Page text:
Independent industry expert and author of ‘The Housebuilder’s Bible’, Mark Brinkley, spends his professional life observing and reviewing construction materials. He describes the history of Structural Insulated Panels in one of his regular contributions to Home Building & Renovating Magazine:
‘SIPs are not a new idea: they have a long and colourful history. The original experiments with honeycomb panel construction went on in the 1930s in the USA, working to some designs by the architect Frank Lloyd Wright. It was a student of Wright, Alden B Dow, who first placed extruded polystyrene (made by his family’s company, Dow Chemicals) inside a SIPs sandwich and used it to build a series of houses in Wisconsin in the early 1950s.Dow and others proved that the concept worked and produced durable, long-lasting homes that were test-built across many climate zones. But early SIPs houses proved expensive to build and SIPs remained something of a curio until the 1980s, when a number of small homebuilders in the USA and Canada started using them, chiefly because they valued the thermal efficiency, the airtightness, and the accuracy of assembly. Manufacturing in Britain began around 15 years ago, after a number of SIPs homes had been imported into the UK from North America.’
‘SIP homes go up much faster than traditionally framed buildings. A properly trained SIP installation crew can cut framing time by 55 percent compared to conventional wood framing, according to a third party study conducted by R.S. Means. …. SIPs are ready to install when they arrive at the jobsite, eliminating the time needed to perform the individual jobsite operations of framing, insulating and sheathing stick-framed walls….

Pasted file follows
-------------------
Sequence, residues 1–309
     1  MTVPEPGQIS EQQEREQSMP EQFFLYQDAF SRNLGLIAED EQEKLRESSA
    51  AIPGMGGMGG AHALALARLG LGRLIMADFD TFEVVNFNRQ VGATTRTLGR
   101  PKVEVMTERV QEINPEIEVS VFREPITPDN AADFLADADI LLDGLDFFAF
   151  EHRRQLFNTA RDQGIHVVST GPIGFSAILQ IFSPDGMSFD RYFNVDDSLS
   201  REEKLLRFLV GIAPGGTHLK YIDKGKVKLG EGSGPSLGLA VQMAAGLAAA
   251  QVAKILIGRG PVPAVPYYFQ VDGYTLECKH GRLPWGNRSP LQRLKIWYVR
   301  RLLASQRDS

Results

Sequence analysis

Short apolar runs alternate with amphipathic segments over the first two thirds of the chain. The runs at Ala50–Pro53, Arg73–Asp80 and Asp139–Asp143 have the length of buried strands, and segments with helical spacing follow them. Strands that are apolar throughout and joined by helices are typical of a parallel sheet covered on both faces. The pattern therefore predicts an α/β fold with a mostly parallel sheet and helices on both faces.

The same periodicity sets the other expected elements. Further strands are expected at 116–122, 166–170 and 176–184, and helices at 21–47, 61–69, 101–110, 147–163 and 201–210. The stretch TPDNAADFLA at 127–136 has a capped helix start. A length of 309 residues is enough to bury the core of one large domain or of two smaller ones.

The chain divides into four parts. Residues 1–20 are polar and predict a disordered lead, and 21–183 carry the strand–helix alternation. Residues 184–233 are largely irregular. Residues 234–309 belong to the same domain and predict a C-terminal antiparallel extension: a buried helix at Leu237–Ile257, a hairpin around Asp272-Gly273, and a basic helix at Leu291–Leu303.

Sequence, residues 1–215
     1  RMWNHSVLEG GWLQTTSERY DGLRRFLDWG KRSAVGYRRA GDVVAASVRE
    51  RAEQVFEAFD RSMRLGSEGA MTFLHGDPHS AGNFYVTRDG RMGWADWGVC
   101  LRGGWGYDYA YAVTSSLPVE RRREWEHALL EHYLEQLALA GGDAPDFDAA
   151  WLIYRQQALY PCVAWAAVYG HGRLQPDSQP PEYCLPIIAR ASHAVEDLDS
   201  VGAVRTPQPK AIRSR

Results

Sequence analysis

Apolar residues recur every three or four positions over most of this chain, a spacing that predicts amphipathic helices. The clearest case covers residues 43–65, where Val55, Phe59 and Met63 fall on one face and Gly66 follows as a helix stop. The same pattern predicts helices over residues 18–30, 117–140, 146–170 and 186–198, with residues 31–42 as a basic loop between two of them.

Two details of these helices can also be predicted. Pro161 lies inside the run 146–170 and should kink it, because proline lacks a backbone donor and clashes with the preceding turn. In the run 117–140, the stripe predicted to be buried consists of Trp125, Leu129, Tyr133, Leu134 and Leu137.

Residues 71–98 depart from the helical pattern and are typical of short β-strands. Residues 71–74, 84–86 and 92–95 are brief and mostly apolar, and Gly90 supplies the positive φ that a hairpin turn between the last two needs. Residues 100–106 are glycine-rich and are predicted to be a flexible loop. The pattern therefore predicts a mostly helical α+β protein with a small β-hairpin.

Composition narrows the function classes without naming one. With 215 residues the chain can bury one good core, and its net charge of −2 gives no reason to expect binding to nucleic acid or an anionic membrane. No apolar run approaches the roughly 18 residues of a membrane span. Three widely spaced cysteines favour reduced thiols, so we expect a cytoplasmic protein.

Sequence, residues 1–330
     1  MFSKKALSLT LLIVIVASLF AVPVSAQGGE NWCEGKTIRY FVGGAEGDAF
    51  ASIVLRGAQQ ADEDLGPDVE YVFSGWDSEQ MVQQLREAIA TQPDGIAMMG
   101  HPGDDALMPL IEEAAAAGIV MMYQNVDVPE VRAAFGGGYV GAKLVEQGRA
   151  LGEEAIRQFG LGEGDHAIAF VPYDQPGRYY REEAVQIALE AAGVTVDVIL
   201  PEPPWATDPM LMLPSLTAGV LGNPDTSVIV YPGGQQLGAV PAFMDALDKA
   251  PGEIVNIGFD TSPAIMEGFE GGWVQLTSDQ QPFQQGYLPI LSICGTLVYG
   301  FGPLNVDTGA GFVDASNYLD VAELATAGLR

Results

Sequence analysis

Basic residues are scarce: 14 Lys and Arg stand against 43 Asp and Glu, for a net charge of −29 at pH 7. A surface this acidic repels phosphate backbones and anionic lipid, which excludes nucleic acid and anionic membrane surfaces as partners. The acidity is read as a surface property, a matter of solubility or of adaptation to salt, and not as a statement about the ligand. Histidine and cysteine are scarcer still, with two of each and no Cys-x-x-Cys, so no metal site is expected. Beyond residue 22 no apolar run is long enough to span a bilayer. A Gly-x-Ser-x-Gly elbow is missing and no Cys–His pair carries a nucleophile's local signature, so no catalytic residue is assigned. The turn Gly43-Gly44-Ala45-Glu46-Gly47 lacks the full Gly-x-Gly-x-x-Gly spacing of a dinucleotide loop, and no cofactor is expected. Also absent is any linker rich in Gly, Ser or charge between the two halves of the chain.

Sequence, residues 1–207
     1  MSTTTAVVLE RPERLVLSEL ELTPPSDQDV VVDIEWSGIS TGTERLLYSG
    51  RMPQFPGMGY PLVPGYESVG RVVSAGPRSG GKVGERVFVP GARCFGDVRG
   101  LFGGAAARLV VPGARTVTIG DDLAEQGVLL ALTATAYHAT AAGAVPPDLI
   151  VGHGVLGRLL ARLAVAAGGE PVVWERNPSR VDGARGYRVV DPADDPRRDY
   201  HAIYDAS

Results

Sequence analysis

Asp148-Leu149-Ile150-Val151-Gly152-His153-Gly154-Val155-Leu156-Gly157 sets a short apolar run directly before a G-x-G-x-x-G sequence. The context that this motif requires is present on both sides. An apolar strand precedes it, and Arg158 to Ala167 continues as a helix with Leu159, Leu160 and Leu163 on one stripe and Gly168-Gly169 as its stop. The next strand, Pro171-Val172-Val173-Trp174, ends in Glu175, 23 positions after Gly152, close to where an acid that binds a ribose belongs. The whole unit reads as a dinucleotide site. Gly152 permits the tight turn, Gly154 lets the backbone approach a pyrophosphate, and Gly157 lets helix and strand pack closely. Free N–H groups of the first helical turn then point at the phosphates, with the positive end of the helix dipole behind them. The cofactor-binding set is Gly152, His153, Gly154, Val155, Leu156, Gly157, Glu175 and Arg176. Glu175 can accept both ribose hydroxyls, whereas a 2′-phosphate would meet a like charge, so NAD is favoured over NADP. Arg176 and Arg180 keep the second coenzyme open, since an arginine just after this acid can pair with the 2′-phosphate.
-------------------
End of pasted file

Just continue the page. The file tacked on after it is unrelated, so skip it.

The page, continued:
…. Builders can save money through decreased construction and labor costs …. Builders can also significantly reduce jobsite waste disposal and temporary heat during construction. Homeowners that incorporate other energy-efficient features into a SIP home can see utility savings of 50 percent or more….
…. Structural insulated panels are one of the most environmentally responsible building systems available. A SIP building envelope provides continuous insulation, is extremely airtight, allows for better control over indoor air quality, reduces construction waste, and helps save natural resources….
…. The structural characteristics of SIPs are similar to that of a steel I-beam. The OSB skins act as the flange of the I-beam, while the rigid foam core provides the web.’
The U.S. Department of Energy (DOE) reports that SIP buildings are about 15 times more air tight than stick construction. “A SIP house has fewer joints, less complicated interfaces between conditioned and unconditioned spaces, and it is dramatically easier to make it tight,” …. As a result, SIP homeowners enjoy up to 60 percent energy cost savings from both heating and cooling their homes.“Everyone is so amazed by the energy efficiency SIPs provide,” says Scott Bergford, a DOE Energy Value Housing Award Builder of the Year, based in Olympia, Wash. “It only costs an average of $200 to $300 a year to heat one of my homes. That’s anywhere from one-fifth to one-sixth the typical costs for this region, so the savings are pretty significant, and the homeowners love that.”
Respected journalists and industry publications also regularly feature SIPs and the benefits of SIPs versus Timber Frame and other forms of construction: